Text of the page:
But how to think differently about the poetics of images? As Galt writes, “Marcel Oms argued that neorealism had been a crucial model for Spanish cinema because it came from the fight against fascism. This idea marks a key political difficulty for the Barcelona School in the Spanish historical context: debates on the politics of film form centred (sic) on a binary of reality versus propaganda. The anti-fascist example of Italian neorealism provided the impetus to cast anti-Francoist filmmaking in similar terms. For the Barcelona filmmakers, however, such direct witnessing was exactly what Francoism made impossible… the School found it pressing instead to demonstrate the impossibility of representing the truth of Spain, or even of telling a story about it.” Portabella’s first three features — Nocturne 29 (1968), VampirCaudecuc (1971), and Umbracle (1972) — represent an artist grappling with new aesthetic forms and wrestling with narrative to find something more elusive, more truthful, than simple entertainment, while also smuggling in politics under the harsh censorship of the Franco regime (Portabella was punished for his involvement with Buñuel’s film, and his features are full of implicit political provocations; Nocturne 29 refers to the number of years Franco had been in power up to that point, while Umbracle features dialogue in Catalan, a language outlawed under Franco).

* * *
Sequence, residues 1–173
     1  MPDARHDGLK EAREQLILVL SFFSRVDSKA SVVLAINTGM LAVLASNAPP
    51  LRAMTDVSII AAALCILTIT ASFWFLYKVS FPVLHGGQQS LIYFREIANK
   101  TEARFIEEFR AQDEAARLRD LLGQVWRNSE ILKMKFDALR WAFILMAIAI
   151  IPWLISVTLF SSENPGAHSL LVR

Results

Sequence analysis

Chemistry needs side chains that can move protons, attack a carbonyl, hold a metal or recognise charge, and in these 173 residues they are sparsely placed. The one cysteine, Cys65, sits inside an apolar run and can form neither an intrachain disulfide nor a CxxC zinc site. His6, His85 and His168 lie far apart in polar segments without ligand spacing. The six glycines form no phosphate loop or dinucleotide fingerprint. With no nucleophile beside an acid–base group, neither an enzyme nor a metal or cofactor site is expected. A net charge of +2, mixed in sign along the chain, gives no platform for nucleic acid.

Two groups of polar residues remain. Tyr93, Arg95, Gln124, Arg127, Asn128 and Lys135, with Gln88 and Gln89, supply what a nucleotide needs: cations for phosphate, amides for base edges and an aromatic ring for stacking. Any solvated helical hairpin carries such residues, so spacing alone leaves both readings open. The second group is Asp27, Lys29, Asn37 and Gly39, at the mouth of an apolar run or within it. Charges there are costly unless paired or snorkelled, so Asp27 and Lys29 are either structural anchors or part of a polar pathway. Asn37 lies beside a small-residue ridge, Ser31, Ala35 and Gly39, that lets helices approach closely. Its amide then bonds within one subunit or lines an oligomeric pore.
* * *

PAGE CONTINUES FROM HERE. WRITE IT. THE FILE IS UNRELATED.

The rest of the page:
Cuadecuc, vampir, an audacious yet simple experimental film, began life as a behind the scenes making-of documentary of Jess Franco’s 1970 film Count Dracula. But it also functions as a kind of shadow version (or inversion) of both the Franco film and the Bram Stoker story. It remains Portabella’s most well-known film, likely because of its relatively straightforward genre classification. Franco’s film stars Christopher Lee as the famous vampire, along with other familiar faces like Klaus Kinski and Herbert Lom. Portabella’s film does indeed showcase the making of this European/Spanish co-production, but manages to simultaneously comment upon and undermine it. Lee’s ghoul becomes a stand-in for the Spanish dictator, a haunting specter that moves through the city in a halting, arrhythmic cadence. There’s no dialogue or sound effects in the film (with one notable exception), merely an experimental soundscape courtesy of Carles Santos (a key Portabella collaborator) that adds to the otherworldly ambiance of the film.